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Of mice and men

Scientists have discovered a key difference in the pathway of cancer formation in mice and humans, emphasizing the need for caution in the common practice of using mice to model human disease.

Cold Spring Harbor Laboratory

Mice are the most commonly used experimental system to model human genetics and disease. Although mice and humans share a strikingly similar genetic makeup, as a new paper in the August 15th issue of Genes & Development demonstrates, important caveats exist when applying what has been learned about gene function in mice to humans.

Dr. Christopher Counter and colleagues at Duke University Medical Center and the University of North Carolina Chapel Hill have discovered a significant difference in the pathway of Ras-mediated tumorigenesis in mice and humans.

The Ras gene plays an important role in human tumorigenesis. Ras is a proto-oncogene: It encodes a protein (Ras) which normally regulates cell growth, but certain oncogenic mutations in the Ras gene can result in the production of a mutated, constitutively active Ras protein. This mutated form of Ras can contribute to the transformation of normal cells into malignant cells by conferring upon them the ability for deregulated growth, proliferation and cancer cell invasion.

Ras is constitutively active in 30% of human tumors, including almost all pancreatic cancers, one half of colon and thyroid cancers, and one third of lung cancers. Thus, researchers from academia and industry, alike, have poured countless hours and dollars into the research and development of ways to interrupt the Ras pathway of tumor formation - using approaches largely based on studies done in mice. However, it has become increasingly clear in the last few years that mouse models of Ras-mediated tumorigenesis, although highly informative and powerful, do not fully recapitulate the spectrum of tumors seen in human patients with activating Ras mutations.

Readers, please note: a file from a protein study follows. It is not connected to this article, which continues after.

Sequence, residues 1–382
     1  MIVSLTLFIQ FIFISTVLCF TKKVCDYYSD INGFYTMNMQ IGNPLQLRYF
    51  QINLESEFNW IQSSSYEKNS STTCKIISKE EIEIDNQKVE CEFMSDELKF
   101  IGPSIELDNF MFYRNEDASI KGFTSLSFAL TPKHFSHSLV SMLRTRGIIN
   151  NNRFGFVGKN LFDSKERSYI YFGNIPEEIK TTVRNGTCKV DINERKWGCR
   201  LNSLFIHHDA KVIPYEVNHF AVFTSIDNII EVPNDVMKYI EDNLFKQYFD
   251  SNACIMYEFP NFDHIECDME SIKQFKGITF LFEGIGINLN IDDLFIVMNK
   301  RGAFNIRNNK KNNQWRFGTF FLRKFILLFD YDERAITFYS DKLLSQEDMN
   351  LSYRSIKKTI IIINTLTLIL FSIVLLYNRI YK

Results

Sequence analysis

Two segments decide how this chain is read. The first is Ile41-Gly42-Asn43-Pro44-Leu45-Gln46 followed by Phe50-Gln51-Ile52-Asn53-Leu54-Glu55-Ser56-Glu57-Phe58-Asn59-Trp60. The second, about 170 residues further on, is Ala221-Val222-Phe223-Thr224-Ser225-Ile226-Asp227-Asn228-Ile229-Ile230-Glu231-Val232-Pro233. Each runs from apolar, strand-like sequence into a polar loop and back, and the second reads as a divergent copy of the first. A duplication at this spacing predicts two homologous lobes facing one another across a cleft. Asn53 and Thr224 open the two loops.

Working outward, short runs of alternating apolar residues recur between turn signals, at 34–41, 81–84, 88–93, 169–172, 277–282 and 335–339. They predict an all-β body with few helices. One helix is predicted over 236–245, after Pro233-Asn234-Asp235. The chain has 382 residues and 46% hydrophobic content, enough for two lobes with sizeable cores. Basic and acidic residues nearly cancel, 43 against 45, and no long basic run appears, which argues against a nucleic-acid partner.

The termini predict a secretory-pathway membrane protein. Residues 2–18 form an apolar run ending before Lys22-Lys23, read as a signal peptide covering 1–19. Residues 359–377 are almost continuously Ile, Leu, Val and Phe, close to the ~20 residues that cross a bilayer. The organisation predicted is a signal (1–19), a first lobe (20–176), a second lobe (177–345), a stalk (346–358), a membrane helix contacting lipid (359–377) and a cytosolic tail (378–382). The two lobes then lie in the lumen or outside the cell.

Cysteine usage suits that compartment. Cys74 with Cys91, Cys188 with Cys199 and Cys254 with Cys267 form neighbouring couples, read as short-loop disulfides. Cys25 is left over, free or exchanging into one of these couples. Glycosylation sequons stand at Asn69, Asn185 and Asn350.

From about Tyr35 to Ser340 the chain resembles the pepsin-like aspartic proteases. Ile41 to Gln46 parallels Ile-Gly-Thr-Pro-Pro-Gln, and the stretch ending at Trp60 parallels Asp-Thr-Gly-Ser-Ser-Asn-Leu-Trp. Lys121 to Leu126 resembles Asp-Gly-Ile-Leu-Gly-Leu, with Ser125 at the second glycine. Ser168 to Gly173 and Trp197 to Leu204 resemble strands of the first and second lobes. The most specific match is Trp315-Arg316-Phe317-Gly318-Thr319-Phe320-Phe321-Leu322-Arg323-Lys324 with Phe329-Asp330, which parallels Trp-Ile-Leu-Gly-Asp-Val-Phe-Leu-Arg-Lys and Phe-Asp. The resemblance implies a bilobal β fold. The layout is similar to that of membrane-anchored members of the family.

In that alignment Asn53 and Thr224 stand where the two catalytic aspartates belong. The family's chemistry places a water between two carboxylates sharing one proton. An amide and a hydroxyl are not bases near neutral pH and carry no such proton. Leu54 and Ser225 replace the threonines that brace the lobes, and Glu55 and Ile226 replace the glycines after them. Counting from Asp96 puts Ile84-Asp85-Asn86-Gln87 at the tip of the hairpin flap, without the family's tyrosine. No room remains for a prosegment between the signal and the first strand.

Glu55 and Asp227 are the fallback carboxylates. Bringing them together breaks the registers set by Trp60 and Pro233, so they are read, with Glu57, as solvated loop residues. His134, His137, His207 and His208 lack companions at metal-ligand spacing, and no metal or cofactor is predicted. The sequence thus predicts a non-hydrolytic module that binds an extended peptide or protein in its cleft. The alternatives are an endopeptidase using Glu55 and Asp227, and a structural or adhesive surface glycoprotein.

Dr. Counter explains that, "Mounting evidence implied that the process of cancer can be different between humans and the animal commonly used to study cancer in the lab, the mouse. We therefore asked, all things being equal, do mouse and human cells rely on identical pathways for tumor growth, and the answer was no."

The Ras signal can be propogated inside a cell through three main classes of effectors: Rafs, PI3-kinases, and RalGEFs. Each class of effector works in a slightly different fashion to transmit the cell growth signal throughout the cell. Previous research showed that in mice, Rafs are the primary effectors of Ras-mediated tranformation, with PI3-kinases playing a supporting role. Scientists were thus led to believe that Ras-mediated tranformation of human cells would follow a similar route.

Dr. Counter and colleagues show that this is not the case.

To study Ras tranformation of human cells, Dr. Counter and colleagues expressed oncogenic Ras, along with two other genes that are necessary for human tumor growth in culture, in primary human fibroblasts (cells of the connective tissue), embryonic kidney cells, and astrocytes (a type of cell found in the nervous system). The scientists found that in human cells, unlike in rodents, RalGEFs are the primary effectors of Ras-mediated tumorigenesis.

This surprising new result represents an unexpected new twist in the "model" route of Ras-induced tumor formation, and clearly demonstrates the importance of using multiple experimental systems to investigate complex biological processes like cancer formation. This work now posits RalGEFs and their interacting factors as novel targets for the rational design of anticancer therapies. The discovery also shows, as Dr. Counter states, that although "the gene Ras was identified to be involved in human cancer almost 20 years ago, we find it still has a few secrets left."

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